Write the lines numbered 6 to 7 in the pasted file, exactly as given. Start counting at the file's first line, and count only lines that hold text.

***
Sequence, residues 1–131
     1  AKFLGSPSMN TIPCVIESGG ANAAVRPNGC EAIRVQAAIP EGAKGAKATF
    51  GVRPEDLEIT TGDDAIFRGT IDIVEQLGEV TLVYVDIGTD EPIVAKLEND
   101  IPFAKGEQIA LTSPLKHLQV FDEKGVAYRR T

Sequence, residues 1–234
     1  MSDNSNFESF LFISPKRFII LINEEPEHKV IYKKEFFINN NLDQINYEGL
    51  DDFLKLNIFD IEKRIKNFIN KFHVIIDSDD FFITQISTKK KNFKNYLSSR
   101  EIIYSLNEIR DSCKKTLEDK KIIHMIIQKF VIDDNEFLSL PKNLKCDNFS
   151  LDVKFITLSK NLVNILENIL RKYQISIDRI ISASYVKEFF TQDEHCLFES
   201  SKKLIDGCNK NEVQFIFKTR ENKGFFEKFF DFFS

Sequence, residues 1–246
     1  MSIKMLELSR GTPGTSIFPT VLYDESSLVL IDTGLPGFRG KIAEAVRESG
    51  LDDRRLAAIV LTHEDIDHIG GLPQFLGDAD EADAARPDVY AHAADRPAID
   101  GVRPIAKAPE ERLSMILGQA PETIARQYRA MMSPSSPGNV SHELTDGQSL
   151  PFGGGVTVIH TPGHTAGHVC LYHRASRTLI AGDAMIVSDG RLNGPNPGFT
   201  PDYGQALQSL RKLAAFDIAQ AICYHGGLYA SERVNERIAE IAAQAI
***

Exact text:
     1  MSDNSNFESF LFISPKRFII LINEEPEHKV IYKKEFFINN NLDQINYEGL
    51  DDFLKLNIFD IEKRIKNFIN KFHVIIDSDD FFITQISTKK KNFKNYLSSR